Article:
Dare I say it…I may be hitting menopause! I’m approaching that dreaded stage in a woman’s life where we start drying up like the Sahara Desert. I have another 260-ish days before I turn the BIG 4-0…
Source: Menopause Mayhem
Source: Menopause Mayhem
Dare I say it…I may be hitting menopause! I’m approaching that dreaded stage in a woman’s life where we start drying up like the Sahara Desert. I have another 260-ish days before I turn the BIG 4-0, but the signs are there.
It all went downhill when I turned 30. Just when I’d snagged my better half and was finally getting a regular shag, my metabolism decided to slow down to a snail’s pace. Nine years later, I’ve turned into what looks like the feral offspring of the Michelin man. I’ve become a beached whale. My waistline has been missing in action since 2010. My former size-8 frame has obviously gone to a better place. I picture it sunbathing in some exotic location with a mojito in hand. Forget a 6-pack. You can’t even describe my jelly belly as a muffin top …..I’m shaped like a keg!
I’ve let myself go to the extent that nothing in my wardrobe fits me. I know I need to get off my ass and be more active, but the motivation is simply non-existent. I work up a sweat just watching fitness videos via YouTube. Forget sit-ups or downward dogs, the only exercise I do these days is lifting a Krispy Kreme into my mouth. I’m a couch potato…my bum’s fused to the sofa. I have a yoga mat and a treadmill in the lounge, on the off chance I feel inspired to work out, but most days it’s a Mexican standoff. The tension is palpable, it’s a daily confrontation between me and the exercise equipment. The first who blinks loses (me, hands down – every time!).
Then there’s my emotional eating habits. The roller coaster ride of binging on food when I’m happy, on a downer or bored. Even when I’m tired of eating…I still have this strong craving to drown my sorrows in a packet of Oreos. I have a theory that my hormones are all over the place. These days, I’m not just emotional when Aunt Flo comes to visit every month, it seems to be a weekly thing. At its worse, my hormonal outbursts consists of tears and tantrums, with a few glimpses of laughter in between, almost like four seasons in one day. It’s a vicious cycle. My poor better half doesn’t know whether he’s dealing with Jekyll or Hyde. Lucky for me he has a soft spot for both.
But wait, there’s more. The bazoongas have started to sag…one’s heading east and the other is running in the opposite direction. The jugs aren’t so perky these days, they’ve lost that B-B-Bounce. They need a bit more pep, a little pick me up, maybe a tweak or two? It gets worse. I can’t seem to hold my bladder like I use to. There’s nothing worse than coming home after a night of boozy frivolities and you’re busting to pee! As you accelerate up the driveway (pedal to the metal, full throttle style), I’m simultaneously un-buckling the belt and undoing the pants. I often find myself performing the hot shoe shuffle as I stand at the front door, searching for my keys, saying a silent Hail Mary hoping desperately that the No. 1s can hold it in for two more minutes. By the time I reach the throne, a minor tinkling accident has leaked out.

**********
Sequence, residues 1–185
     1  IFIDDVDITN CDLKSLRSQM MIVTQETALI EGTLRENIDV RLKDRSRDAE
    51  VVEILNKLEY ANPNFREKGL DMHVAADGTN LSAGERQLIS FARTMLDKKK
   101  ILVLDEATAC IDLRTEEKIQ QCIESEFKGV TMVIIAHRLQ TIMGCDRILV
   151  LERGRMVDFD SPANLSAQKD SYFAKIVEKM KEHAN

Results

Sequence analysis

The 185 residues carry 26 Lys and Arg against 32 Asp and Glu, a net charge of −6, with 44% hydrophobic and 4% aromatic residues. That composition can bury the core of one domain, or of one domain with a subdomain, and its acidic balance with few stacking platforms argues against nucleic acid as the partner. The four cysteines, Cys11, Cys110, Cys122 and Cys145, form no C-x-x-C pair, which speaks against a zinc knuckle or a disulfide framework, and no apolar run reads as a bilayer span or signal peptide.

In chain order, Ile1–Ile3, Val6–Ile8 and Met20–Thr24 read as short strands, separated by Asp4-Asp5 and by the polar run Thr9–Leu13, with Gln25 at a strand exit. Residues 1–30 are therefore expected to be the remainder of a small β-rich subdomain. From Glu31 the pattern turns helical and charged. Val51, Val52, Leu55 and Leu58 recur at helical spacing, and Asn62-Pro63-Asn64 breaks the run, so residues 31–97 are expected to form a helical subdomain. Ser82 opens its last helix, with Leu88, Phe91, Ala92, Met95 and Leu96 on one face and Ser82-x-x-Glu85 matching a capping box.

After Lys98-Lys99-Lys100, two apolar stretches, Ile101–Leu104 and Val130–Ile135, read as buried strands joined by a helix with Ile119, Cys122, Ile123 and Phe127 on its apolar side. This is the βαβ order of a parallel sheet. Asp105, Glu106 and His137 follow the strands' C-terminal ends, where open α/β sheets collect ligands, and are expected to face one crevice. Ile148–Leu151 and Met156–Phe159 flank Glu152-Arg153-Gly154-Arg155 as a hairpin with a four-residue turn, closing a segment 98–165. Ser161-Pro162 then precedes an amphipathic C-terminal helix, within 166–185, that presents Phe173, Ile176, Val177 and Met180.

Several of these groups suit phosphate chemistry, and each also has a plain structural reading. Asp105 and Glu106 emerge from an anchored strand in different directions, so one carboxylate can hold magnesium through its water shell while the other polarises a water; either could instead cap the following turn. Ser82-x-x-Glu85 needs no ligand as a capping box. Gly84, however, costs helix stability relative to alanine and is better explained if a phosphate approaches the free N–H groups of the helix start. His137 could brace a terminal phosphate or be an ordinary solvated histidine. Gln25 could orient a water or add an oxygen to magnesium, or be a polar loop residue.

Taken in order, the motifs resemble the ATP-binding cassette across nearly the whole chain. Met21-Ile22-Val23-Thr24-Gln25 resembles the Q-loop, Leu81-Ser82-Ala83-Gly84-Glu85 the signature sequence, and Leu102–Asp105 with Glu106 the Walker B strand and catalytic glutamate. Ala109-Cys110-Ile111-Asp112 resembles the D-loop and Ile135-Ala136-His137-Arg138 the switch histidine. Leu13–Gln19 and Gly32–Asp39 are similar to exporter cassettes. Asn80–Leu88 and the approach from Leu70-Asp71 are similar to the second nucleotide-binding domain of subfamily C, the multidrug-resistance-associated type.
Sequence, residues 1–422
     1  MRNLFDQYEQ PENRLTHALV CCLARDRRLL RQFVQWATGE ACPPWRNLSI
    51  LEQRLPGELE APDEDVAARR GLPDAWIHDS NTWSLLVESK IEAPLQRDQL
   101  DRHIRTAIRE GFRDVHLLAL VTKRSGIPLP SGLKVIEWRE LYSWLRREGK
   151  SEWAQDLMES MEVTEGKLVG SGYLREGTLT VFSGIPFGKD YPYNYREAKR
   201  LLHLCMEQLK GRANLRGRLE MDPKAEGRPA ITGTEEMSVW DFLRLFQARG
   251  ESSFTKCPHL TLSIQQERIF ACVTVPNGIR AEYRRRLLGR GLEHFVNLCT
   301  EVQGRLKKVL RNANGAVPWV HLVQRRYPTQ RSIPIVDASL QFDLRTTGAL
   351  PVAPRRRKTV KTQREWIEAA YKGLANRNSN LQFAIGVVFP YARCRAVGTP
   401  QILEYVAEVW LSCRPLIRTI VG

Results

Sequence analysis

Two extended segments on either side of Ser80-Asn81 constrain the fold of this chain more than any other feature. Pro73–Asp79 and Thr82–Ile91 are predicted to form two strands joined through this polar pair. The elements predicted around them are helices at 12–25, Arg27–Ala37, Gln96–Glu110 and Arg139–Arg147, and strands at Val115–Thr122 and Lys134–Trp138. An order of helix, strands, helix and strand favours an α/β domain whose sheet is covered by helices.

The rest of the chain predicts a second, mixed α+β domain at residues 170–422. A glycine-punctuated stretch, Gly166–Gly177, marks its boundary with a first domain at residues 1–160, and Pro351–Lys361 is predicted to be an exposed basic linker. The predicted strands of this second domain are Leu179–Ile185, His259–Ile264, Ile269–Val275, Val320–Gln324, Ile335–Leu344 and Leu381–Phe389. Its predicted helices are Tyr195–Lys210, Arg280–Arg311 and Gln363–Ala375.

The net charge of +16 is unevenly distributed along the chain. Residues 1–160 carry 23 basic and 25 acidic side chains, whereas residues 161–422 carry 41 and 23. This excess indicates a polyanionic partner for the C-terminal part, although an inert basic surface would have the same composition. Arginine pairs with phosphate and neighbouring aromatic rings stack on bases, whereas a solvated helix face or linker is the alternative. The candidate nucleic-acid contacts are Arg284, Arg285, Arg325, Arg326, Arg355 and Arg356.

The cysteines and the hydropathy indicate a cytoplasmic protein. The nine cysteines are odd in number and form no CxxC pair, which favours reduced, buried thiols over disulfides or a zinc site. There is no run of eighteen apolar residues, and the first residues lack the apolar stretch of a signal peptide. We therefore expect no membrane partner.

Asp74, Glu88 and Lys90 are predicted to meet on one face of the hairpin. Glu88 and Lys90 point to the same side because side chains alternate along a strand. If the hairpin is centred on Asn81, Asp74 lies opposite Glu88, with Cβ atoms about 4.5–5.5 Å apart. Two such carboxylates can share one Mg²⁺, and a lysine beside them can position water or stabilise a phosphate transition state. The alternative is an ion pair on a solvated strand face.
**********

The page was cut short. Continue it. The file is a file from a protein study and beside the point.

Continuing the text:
To top it all off, there are the sweats. There could be a blizzard outside, yet all I want to do is wear is a pair of socks (and only a pair of socks – much to the delight of the better half). My partner is as snug as a bug in a rug, tightly cocooned under the sheets, yet I’m lying on top of the doona sweating like I’m on death row. I could be doing the most mundane of tasks, but I’d be showing tell-tale signs of perspiration. Despite the super strength deodorant I wear, I’m so conscious that the body odour follows me around like a bad stench!
I admit, I’m no spring chicken. I’m certainly not getting any younger, skinnier or prettier. My thirty, flirty and thriving days are coming to an end. As I approach the naughty forties, this swan is fast becoming an old goose!
John Lennon was onto something extraordinary when he wrote Imagine, a song with a simple melody backed by a profound message of peace. Everyday we’re bombarded by tragic news headlines centred on t…
John Lennon was onto something extraordinary when he wrote Imagine, a song with a simple melody backed by a profound message of peace.
Everyday we’re bombarded by tragic news headlines centred on terrorist acts, wars, murders and mass shootings. The 24/7 rolling coverage showing violent and horrific crimes headed by the worst of humanity are all aimed to generate anger, create fear and overwhelm us with despair.